Yet when the shoe is on the foot, we all think we deserve what’s “fair” even when it’s not in the letter of the contract.

  2. I voted no, but only because I think checked baggage fees were just the beginning we are well into it now. 
    I personally will never fly Spirit or Allegiant, however there are enough people that do, that they simply get away with these fees.  What’s more annoying to me is that people want everything to be as cheap as possible, so they pay the cheap prices, fly the cheap airlines, and that keeps encouraging this type of behavior by the airlines.  Then there is what Raven said, they are only willing to pay the cheapest fare, but then demand the highest level of service.  It’s simply ridiculous on all ends.

  3. When an American Airlines jet blew two tires at DCA recently, I joked about a new “tire fee”.  Maybe that joke wasn’t so funny after all.

  4. Airlines is a really lousy business compared to Apple. Apple’s market cap (approx $600B) is larger than all the worlds airlines combined (approx $570B). Ancillary Revenue is now a $32B ‘industry phenomena’ and growing. How else will airlines charge you more without increasing fares during times when the cost of oil is perilously rising? Get used to it.

    1. The next new Apple innovation, the Apple iPlane. Revolutionizing the aircraft industry!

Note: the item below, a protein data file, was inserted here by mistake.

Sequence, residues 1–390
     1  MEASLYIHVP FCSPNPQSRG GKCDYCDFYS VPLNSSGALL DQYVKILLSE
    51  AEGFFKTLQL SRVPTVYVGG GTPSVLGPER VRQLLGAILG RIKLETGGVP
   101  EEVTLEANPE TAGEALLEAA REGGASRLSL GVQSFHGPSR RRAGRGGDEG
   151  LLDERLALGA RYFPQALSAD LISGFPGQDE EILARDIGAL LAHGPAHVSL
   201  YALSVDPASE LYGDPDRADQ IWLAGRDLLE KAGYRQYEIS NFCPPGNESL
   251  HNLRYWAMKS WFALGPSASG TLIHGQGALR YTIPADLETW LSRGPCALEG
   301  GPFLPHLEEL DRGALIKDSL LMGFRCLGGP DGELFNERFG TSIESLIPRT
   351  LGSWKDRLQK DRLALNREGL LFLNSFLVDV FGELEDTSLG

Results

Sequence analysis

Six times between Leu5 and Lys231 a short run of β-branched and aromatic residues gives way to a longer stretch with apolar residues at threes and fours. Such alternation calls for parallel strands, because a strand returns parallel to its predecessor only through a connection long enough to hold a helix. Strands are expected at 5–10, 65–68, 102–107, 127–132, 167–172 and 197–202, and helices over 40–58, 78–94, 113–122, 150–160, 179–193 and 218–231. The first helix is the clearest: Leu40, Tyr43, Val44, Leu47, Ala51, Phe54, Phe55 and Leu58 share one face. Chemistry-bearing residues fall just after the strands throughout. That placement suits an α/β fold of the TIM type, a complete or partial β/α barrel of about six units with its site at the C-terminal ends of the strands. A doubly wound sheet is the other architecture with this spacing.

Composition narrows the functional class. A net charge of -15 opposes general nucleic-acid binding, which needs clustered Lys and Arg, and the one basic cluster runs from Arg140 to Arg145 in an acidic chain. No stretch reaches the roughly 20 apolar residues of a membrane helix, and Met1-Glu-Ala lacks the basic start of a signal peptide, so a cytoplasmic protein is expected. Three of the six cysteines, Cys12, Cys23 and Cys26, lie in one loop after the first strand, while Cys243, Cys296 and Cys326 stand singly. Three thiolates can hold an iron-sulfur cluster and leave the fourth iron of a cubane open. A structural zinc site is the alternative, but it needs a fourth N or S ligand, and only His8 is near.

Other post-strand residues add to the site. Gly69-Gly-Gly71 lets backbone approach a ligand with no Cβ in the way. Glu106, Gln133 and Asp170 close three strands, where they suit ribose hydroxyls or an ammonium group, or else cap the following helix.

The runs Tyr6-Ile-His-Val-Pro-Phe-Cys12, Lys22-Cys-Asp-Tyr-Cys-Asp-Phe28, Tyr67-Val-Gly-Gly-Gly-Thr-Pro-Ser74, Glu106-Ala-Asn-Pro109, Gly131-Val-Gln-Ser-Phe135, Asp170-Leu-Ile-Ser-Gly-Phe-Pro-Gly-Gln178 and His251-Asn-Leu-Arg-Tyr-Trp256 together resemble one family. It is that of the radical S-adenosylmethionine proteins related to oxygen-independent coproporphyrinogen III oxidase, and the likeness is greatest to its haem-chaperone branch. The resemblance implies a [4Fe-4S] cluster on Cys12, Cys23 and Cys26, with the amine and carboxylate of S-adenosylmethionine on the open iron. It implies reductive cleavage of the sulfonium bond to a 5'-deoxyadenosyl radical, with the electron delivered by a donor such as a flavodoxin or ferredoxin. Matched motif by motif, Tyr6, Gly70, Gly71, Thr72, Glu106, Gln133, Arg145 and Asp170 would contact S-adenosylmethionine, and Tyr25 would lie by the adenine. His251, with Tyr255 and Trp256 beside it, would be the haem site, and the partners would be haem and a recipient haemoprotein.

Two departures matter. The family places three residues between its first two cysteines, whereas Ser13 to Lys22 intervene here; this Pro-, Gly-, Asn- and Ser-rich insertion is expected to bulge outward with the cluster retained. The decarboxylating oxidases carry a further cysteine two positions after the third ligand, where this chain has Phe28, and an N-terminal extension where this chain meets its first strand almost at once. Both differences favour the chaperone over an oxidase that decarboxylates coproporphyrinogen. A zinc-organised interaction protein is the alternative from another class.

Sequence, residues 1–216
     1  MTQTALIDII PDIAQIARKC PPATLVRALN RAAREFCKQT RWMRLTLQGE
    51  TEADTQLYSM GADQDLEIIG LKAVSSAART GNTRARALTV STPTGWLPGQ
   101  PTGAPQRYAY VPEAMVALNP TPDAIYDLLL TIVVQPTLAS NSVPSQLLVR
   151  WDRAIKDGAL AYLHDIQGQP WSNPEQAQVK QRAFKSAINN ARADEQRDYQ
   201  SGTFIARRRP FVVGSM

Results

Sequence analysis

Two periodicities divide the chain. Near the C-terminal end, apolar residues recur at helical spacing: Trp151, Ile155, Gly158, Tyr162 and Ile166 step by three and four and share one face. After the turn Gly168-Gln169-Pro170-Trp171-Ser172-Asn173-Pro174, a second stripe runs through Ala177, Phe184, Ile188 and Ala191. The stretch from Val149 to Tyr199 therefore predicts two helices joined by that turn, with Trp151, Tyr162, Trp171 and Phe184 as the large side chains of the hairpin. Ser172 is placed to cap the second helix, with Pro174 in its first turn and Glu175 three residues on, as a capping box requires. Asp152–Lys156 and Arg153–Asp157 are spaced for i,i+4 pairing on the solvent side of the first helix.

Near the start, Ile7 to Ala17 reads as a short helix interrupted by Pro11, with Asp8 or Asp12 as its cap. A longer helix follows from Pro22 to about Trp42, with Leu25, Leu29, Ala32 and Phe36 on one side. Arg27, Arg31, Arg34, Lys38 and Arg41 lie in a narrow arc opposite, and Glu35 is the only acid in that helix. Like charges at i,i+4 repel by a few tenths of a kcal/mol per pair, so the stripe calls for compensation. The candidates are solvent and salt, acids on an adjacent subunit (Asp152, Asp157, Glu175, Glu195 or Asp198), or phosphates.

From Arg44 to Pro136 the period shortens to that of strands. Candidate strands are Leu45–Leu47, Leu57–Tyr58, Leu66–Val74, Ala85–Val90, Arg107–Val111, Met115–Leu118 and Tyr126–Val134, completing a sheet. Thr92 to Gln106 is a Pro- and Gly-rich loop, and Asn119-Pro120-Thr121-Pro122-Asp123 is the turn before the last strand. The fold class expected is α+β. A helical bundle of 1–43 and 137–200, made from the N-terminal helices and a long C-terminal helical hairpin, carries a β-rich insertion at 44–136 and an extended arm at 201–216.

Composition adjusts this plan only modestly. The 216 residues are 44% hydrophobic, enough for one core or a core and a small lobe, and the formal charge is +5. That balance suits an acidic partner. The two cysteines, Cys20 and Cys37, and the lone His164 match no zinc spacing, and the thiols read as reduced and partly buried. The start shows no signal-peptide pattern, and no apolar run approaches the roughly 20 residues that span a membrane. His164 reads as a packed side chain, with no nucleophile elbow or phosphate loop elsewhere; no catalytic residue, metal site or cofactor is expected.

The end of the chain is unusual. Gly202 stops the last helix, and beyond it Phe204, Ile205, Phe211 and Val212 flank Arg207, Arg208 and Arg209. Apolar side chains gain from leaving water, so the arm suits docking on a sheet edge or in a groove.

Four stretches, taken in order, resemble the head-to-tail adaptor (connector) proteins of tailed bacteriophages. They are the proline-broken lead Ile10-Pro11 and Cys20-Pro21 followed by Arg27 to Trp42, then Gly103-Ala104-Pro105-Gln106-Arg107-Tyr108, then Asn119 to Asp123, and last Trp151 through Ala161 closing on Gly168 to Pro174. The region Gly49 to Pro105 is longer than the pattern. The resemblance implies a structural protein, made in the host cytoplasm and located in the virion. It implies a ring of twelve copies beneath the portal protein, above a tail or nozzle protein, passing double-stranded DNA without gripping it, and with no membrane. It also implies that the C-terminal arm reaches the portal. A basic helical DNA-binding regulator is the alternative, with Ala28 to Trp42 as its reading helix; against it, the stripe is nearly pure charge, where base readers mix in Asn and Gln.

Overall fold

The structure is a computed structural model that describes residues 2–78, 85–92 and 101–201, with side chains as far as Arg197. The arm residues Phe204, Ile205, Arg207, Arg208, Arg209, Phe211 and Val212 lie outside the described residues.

My biggest regret, several years ago my Aunt asked me if she should by stock in Apple for her retirement.  It was $100 a share, I told her she should but warned her it could be risky.  I’m not much of a gambler.  I thought about it myself, but decided buying $100 a share stock was too risky.  If only I had bought some.

    2. There’s an opportunity for an “apples to oranges” statement in here somewhere….but that’s low-hanging fruit 😉

      (It’s morning.  I need food and caffeine…)

    3. There already is a higher price alternative for getting you from point A to point B… it is called First Class.  The trick will be to convince everyone that buying first class seats makes you hip and cool 🙂

  5. I’d say we were past the beginning. As long as consumers continue to pay the companies will continue to charge. The only way to avoid the fees is to stop using the companies that charge them.  A business responds to the market.

  6. Just the beginning of what?  

    Everything seems to go in cycles, and today is a wide swing into the nickel-and-dime category.  Just wait until a year or two from now, when an airline (maybe American?) wants to offer “Simple Saver Fares.”  For those who remember airline pricing history, they did it once before, and it worked, for a while.  Simplified pricing!